Background: The use of piperacillin/tazobactam with vancomycin as empirical antimicrobial therapy (EAT) for prosthetic joint infection (PJI) has been associated with an increased risk of acute kidney injury (AKI), leading us to propose cefepime as an alternative since 2017 in our reference centre.
Objectives: To compare microbiological efficacy and tolerance of these two EAT strategies.
Methods: All adult patients with PJI empirically treated with vancomycin+cefepime (n = 89) were enrolled in a prospective observational study and matched with vancomycin+piperacillin/tazobactam-treated historical controls (n = 89) according to a propensity score including age, baseline renal function and concomitant use of other nephrotoxic agents. The two groups were compared using Kaplan-Meier curve analysis, and non-parametric tests regarding the proportion of efficacious empirical regimen and the incidence of empirical therapy-related adverse events (AE).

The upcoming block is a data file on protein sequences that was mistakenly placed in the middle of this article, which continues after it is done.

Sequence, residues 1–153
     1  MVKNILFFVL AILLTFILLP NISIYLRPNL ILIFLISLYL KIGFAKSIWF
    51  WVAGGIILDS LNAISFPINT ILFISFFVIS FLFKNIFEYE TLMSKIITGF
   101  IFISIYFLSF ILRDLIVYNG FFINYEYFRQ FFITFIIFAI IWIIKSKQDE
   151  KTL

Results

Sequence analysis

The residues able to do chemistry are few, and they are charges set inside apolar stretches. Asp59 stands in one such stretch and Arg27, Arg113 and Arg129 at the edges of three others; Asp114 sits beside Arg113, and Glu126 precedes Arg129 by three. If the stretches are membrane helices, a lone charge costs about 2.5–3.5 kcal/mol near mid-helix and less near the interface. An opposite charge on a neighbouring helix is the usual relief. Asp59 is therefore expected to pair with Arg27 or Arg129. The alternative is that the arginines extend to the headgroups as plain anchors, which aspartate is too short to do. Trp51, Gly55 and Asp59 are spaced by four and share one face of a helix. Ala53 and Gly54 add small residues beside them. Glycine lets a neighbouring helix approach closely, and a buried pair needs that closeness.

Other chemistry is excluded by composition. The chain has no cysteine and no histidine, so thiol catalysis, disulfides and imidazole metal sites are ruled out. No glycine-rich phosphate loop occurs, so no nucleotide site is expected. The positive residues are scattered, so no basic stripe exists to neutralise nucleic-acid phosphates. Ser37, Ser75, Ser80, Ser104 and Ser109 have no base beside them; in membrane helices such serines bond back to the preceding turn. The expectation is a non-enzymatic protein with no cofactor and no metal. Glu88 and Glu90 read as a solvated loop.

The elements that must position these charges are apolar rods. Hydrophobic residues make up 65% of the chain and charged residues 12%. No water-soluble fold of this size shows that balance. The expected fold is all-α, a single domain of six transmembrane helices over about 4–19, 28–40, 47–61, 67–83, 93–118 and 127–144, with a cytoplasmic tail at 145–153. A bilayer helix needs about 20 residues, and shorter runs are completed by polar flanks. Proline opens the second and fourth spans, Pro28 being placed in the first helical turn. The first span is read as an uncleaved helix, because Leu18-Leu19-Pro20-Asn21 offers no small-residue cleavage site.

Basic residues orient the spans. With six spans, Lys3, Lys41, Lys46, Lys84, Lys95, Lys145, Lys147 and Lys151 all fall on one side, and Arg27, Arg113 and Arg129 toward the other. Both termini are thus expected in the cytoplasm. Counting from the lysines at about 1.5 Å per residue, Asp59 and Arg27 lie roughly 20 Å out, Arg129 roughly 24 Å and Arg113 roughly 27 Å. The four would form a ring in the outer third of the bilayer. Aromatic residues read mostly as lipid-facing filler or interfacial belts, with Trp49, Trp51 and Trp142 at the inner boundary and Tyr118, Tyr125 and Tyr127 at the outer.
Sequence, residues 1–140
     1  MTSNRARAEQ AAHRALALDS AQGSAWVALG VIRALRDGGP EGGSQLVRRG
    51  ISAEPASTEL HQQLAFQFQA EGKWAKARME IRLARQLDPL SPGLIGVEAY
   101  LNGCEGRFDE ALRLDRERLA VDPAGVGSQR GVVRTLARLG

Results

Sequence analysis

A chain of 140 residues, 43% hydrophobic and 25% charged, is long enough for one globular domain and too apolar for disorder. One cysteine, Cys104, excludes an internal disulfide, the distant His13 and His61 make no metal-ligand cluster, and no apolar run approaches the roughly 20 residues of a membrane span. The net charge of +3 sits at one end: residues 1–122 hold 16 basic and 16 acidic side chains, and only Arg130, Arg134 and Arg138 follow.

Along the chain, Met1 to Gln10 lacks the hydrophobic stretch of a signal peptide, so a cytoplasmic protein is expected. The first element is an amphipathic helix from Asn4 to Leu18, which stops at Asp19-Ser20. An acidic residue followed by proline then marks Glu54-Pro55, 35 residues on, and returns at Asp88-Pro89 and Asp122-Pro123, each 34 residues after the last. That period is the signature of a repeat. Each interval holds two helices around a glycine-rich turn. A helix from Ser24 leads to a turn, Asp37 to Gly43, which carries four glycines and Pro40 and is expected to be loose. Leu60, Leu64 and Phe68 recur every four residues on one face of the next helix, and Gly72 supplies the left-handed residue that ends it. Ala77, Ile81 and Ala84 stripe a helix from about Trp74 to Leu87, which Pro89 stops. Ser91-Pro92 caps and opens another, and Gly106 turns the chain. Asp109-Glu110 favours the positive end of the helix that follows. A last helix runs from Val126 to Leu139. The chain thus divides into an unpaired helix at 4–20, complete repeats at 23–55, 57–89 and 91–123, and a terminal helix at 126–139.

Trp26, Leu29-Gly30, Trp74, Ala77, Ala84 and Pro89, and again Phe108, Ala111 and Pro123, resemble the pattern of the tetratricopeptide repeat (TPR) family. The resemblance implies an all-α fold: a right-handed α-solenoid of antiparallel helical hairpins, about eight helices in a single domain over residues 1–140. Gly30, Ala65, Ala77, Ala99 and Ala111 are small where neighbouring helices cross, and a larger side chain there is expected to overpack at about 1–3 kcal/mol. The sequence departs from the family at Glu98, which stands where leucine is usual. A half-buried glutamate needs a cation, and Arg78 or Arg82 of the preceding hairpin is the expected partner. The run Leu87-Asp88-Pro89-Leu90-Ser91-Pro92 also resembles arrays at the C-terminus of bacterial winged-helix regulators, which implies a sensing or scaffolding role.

Results: Among 146 (82.0%) documented infections, the EAT was considered efficacious in 77 (98.7%) and 65 (98.5%) of the piperacillin/tazobactam- and cefepime-treated patients, respectively (P = 1.000). The rate of AE, particularly AKI, was significantly higher in the vancomycin+piperacillin/tazobactam group [n = 27 (30.3%) for all AE and 23 (25.8%) for AKI] compared with the vancomycin+cefepime [n = 13 (14.6%) and 6 (6.7%)] group (P = 0.019 and <0.001, respectively), leading to premature EAT discontinuation in 20 (22.5%) and 5 (5.6%) patients (P = 0.002). The two groups were not significantly different regarding their comorbidities, and AKI incidence was not related to vancomycin plasma overexposure.
Conclusions: Based on the susceptibility profile of bacterial isolates from included patients, microbiological efficacy of both strategies was expected to be similar, but vancomycin + cefepime was associated with a significantly lower incidence of AKI.
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